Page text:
Long-lasting and wide-ranging is the fame of Scheherazade, the legendary Arabian storyteller. Scheherazade’s 1001 cliffhangers saved her own life and the lives of many other young women who would have been beheaded by a misogynistic king. Among her many and varied fairy tales are the seven voyages of Sinbad the sailor and “Aladdin and the Wonderful Lamp.” To this day, authors enrich their tales with Scheherazade’s narrative treasures. A few are Salman Rushdie, Haruki Murakami, and Nnedi Okorafor. These three authors tell magical stories with non-Western perspectives in a way that enchants Western readers and brings them to a better appreciation of other cultures. In the tradition of Scheherazade, they disarm prejudice as they delight and amaze.
The title of Salman Rushdie’s short story collection, East, West, the baby sister of the young narrator in “The Courter” is named Scheherazade. The magic in that story comes from the small triumphs of unlikely characters rather than from the supernatural, but magical objects in other stories from this collection include a strand of the Prophet Mohammad’s hair and Dorothy’s ruby slippers.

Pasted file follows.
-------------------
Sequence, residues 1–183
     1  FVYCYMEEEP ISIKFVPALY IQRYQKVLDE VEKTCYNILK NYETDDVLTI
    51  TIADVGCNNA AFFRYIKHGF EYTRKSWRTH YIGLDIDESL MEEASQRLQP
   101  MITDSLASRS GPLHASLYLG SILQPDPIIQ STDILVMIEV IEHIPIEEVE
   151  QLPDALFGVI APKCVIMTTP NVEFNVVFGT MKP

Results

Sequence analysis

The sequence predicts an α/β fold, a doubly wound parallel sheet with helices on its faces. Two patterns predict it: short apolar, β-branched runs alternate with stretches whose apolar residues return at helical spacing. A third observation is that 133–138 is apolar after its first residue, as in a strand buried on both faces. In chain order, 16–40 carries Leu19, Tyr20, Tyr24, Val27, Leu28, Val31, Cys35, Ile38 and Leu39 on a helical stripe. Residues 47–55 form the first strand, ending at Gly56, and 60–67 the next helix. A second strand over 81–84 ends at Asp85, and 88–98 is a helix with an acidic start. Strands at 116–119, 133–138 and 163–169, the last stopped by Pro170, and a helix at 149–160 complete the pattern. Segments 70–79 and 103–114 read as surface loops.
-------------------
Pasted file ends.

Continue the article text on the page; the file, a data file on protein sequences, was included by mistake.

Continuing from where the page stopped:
In Haruki Murakami's collection Men Without Women, one of the stories is entitled “Scheherazade.” In another, “Samsa in Love,” Murakami creates a sequel to Kafka’s The Metamorphosis, in which the mysterious curse on Gregor is undone and he will live on as a human, perhaps even happily ever after.
Nnedi Okorafor’s collection of stories, Kabu Kabu includes a story entitled “The Carpet.” The story’s young narrator and her sister Zuma travel from their home in the U.S. to check on the construction of their parents’ house in Nigeria. At the market, Zuma buys a carpet with gold tassels that “looks like something Scheherazade would own.” This story has not only a happy but a humorous ending that delights and disarms both the reader and the sisters in the story, who struggle with the conflicting values of the two cultures to which they belong.